"But it was at their own cost and not many people jumped on the boat because they don’t have the resources because it’s a welfare community. People have very little funds."


UPDATE 7.25PM WEDNESDAY: I’ve just spoken to the current mayor of Palm Island, Alfred Lacey, about the situation on the ground.

Lacey disagreed the community was unprepared for this event, telling me "We’d been planning this for Cyclone Anthony, and our cyclone preparations are certainly bedded down".

He described the mood on the island as "pretty good, everyone is calm".

He clarified that there are four evacuation centres on the island but that two of them are too close to the sea to be of use in this event. Of the other two, the mayor estimated that there were 100 people at one and 80 people at the other.

I asked where he thought the rest of Palm Island’s approximately 3000 residents were: "Most people have gone to higher ground". He said he was confident that "all are in homes that are cyclone-rated".

I asked what percentage of housing on Palm Island is cyclone-proof and he said "I couldn’t give a percentage but we do have quite a few brick buildings in town".

"I’ve lived on Palm Island all my life. In that time we’ve had about 20 of these kind of events happen around us — not directly at us, but around — and some of those [old]houses are still standing today."

Asked about the claim by former mayor Peter Blackley that the Queensland Government had abandoned Palm Island, Lacey said: "The former mayor can take that up with the state government — I’m not in the mood to attend to any stoush at this point."

He added that Blackley was "scoring political points".

He described the weather at 7pm AEST as "very windy and rainy" but said that it was still possible to move around the island, and that emergency services were still checking on residents.


UPDATE 9AM THURSDAY: I tried to get through to the Palm Island hospital this morning but calls are being redirected to the Townsville hospital. A spokeswoman there said that the phone lines on the island are down.

I then spoke to mayor Alfred Lacey on his mobile, although reception was very bad.

Lacey said the island had fared much better than expected and that there had been no reports of injuries and no homes damaged across the island – although there has been structural damage to some public buildings. Given the situation on the mainland, and the fact that the phone tower has been damaged, this seems like a minor miracle. I’ll be trying to get on to other locals throughout the day to get more information.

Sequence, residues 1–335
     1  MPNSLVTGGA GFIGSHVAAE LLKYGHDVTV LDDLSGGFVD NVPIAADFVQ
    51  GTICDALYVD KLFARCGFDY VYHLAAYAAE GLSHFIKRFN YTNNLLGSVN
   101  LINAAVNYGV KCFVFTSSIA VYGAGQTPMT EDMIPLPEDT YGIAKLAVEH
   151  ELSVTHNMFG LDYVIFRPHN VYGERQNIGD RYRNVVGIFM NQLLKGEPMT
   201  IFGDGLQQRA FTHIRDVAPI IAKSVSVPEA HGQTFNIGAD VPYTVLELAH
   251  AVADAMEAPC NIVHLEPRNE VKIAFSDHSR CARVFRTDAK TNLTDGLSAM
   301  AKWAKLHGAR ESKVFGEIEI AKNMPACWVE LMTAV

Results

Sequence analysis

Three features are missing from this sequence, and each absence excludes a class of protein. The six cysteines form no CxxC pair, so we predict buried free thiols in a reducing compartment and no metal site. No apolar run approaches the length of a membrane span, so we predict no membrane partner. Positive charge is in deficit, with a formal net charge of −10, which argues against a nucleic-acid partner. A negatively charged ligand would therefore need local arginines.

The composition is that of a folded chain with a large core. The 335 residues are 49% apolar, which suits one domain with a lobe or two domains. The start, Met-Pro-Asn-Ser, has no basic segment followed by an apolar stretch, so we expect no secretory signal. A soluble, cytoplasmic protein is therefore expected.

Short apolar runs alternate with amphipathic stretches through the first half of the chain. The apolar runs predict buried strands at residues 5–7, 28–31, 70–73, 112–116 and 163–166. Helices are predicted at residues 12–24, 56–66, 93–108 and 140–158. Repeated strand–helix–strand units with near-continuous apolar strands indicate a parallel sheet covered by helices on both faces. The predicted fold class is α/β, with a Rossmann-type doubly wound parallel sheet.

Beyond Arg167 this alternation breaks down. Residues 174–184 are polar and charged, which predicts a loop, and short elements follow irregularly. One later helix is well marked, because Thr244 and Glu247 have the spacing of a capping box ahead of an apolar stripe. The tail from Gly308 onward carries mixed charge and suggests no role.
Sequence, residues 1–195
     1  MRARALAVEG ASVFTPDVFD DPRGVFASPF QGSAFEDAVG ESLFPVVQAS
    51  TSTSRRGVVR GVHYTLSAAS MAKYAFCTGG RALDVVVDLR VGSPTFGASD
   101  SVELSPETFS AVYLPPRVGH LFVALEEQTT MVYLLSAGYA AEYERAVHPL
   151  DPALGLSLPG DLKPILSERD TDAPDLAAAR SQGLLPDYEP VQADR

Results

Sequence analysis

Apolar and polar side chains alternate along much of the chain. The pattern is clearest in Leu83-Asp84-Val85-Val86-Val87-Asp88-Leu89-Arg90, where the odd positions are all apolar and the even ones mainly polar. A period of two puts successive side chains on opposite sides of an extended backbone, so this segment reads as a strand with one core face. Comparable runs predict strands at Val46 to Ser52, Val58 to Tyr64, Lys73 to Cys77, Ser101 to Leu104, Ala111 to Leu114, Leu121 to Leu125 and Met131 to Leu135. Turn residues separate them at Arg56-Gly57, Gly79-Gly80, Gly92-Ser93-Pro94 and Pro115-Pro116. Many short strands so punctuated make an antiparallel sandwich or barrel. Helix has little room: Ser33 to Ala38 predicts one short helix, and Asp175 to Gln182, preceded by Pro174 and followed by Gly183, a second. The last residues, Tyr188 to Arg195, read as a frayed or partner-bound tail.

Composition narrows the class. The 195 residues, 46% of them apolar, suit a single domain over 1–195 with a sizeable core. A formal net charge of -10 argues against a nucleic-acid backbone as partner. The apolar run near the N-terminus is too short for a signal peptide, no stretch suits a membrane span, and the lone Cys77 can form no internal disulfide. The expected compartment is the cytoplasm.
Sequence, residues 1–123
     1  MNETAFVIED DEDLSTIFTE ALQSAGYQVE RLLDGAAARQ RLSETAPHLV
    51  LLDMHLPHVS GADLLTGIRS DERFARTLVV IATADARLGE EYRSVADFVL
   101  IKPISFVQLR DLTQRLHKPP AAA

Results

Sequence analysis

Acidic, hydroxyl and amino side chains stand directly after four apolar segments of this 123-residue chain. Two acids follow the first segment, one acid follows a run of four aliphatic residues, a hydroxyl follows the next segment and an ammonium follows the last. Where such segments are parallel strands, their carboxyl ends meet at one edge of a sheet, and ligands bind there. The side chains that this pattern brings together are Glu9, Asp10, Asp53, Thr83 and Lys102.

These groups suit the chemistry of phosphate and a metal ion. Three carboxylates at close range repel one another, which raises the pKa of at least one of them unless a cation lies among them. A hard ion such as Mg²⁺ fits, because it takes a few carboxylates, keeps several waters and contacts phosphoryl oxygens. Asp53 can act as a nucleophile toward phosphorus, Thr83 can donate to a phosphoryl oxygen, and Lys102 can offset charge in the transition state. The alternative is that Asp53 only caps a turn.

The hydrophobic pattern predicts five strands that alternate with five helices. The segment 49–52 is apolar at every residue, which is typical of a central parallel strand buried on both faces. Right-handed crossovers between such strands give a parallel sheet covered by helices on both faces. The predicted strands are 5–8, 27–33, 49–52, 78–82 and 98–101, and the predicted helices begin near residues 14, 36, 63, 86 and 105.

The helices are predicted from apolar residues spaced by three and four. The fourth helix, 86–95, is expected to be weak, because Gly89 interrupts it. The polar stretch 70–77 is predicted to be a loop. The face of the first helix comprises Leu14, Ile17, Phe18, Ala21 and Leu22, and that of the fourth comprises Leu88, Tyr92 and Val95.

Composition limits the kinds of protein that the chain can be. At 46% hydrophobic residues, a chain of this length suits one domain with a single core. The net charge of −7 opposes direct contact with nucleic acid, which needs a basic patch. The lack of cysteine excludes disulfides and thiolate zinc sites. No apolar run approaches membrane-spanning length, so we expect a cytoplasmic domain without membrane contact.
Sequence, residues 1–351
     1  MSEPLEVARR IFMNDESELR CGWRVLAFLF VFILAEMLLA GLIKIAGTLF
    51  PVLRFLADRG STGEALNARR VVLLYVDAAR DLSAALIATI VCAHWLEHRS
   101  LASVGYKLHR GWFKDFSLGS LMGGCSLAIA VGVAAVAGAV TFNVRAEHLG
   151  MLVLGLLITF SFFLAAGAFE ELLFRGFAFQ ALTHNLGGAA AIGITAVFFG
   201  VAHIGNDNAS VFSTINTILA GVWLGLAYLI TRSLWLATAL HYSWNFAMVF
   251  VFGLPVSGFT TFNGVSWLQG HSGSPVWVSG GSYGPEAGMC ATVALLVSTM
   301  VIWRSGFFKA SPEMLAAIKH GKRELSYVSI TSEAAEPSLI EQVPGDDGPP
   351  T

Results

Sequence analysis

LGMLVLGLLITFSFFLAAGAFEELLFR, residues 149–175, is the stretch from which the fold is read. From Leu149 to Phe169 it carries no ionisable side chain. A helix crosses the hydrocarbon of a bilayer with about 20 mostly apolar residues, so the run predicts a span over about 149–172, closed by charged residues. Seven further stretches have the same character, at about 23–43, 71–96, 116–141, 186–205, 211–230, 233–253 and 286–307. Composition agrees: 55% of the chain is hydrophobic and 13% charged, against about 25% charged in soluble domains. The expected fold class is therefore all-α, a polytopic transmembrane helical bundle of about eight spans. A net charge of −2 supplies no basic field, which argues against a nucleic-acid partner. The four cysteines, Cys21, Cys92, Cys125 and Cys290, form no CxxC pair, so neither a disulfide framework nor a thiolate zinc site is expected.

UPDATE 10.15AM THURSDAY: Queensland Police have just told us that everyone on the island is okay. There have been no reports of injuries. The power is out, although the generator at the police station is operating. That’s all the information they have at this stage.

More to come.


UPDATE 4.10PM THURSDAY: I’ve just had an update on the situation on Palm from Josh Ridgeway at National Indigenous TV, who spoke earlier to Tim Miller, the manager of Bwgcolman radio station on Palm Island.

Miller confirmed to NITV that there had been no injuries or fatalities on the island and said SES crews were heading over from the mainland this afternoon to assess the damage. Power company Ergon was also due to start reconnecting the power supply.

He said most residents are still in evacuation centres and are being advised to stay inside as it’s still raining heavily.

The post office has lost its roof and there has been damage to some other public buildings. Apparently the island’s cliff now looks bare after trees were razed.

He said the major concern on the island now is food spoilage as there is no power and all fresh food gets shipped in from the mainland.

Miller also confirmed that there was no free evacuation service offered on the day before the cyclone hit and that residents were still being charged for this service.


If you have more information about the situation on Palm Island, email us.